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Report: 6 Technology Barriers in Education

Technological illiteracy and lack of supports for faculty members are critical problems facing colleges and universities. But they're solvable. Unfortunately, according to a new report released this week, much more difficult challenges loom for education.

The report, the NMC Horizon Report: 2014 Higher Education Edition identifies major trends in education technology, significant barriers facing ed tech and technological trends that will help shape teaching and learning in the near future. Horizon Reports are released annually by the New Media Consortium and the Educause Learning Initiative.

The NMC Horizon Report: 2014 Higher Education Edition identified six critical obstacles higher education faces in the context of technology, in particular barriers that could hinder technology adoption in the coming years. Researchers categorized the problems by the ease with which the might be solved, from solvable to difficult to downright "wicked."

Solvable Challenges
The two most significant solvable challenges identified in this year's report are the low digital fluency of faculty and inadequate rewards for teaching.

The problem of faculty technological literacy (or lack thereof) is compounded, according to the researchers, by insufficient — or, at best, inconsistent — professional development.

"Faculty training still does not acknowledge the fact that digital media literacy continues its rise in importance as a key skill in every discipline and profession," according to the Horizon Report. "Despite the widespread agreement on the importance of digital media literacy, training in the supporting skills and techniques is rare in teacher education and non-existent in the preparation of faculty. As lecturers and professors begin to realize that they are limiting their students by not helping them to develop and use digital media literacy skills across the curriculum, the lack of formal training is being offset through professional development or informal learning, but we are far from seeing digital media literacy as a norm. This challenge is exacerbated by the fact that digital literacy is less about tools and more about thinking, and thus skills and standards based on tools and platforms have proven to be somewhat ephemeral."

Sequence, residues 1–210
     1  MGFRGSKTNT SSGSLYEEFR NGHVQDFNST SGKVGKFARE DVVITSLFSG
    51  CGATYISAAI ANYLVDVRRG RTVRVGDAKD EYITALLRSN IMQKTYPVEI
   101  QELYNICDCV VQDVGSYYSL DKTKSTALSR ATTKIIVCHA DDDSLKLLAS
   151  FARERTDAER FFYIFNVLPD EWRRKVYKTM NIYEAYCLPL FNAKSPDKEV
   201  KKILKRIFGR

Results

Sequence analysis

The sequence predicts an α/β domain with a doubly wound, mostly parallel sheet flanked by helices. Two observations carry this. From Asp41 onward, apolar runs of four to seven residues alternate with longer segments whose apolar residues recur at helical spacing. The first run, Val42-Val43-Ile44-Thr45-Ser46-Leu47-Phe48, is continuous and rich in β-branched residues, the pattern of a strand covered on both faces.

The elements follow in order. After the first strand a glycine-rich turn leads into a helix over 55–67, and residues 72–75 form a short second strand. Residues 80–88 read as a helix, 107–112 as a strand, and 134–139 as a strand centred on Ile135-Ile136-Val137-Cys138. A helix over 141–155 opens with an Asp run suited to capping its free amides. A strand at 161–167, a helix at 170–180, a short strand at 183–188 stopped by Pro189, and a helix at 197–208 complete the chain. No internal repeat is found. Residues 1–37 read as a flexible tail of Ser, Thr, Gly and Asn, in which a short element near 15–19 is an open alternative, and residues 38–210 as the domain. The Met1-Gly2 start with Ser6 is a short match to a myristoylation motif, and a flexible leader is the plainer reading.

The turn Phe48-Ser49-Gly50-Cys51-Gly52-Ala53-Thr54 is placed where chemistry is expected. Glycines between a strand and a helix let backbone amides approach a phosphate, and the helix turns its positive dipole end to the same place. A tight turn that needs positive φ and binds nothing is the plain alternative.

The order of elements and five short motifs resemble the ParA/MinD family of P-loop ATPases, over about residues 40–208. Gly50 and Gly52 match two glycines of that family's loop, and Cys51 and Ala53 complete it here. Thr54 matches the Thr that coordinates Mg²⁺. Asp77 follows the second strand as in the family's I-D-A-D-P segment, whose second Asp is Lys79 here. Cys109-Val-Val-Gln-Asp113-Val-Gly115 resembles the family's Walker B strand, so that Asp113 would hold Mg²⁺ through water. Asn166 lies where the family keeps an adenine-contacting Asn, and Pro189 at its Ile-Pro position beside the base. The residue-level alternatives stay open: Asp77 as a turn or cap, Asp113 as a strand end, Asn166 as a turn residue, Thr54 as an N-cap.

The researchers also cited the relative lack of rewards for teaching as a challenge, albeit a solvable one, as research is ranked as a higher priority than teaching by universities.

"Adjunct professors and students feel the brunt of this challenge, as teaching-only contracts are underrated and underpaid, and learners must accept the outdated teaching styles of the university's primary researchers. To balance competing priorities, larger universities are experimenting with alternating heavy and light teaching loads throughout the school year, and hiring more adjunct professors."

The report cited several steps that should be taken (or in some cases are being taken) to alleviate the problem and change the culture:

  • Governments need to "develop strategies that are informed by current research, with the ultimate goal of fostering an academic culture that financially rewards the quality of interaction in its classrooms";
  • Doctoral and graduate students can be required to undergo training to make a greater impact on students;
  • Professors can participate in pre-service and in-service training; and
  • Universities must alleviate the competitive, research-driven pressures on faculty by reevaluating their missions "so as to uphold excellence in teaching as a core tenet, which will transform the rigid process of gaining tenure."

Difficult Challenges
Higher up on the difficulty scale are competition from new models of teaching and the issue of scaling teaching innovations. At this level of difficulty, the problems are understandable, but the solutions have proved thusfar to be elusive.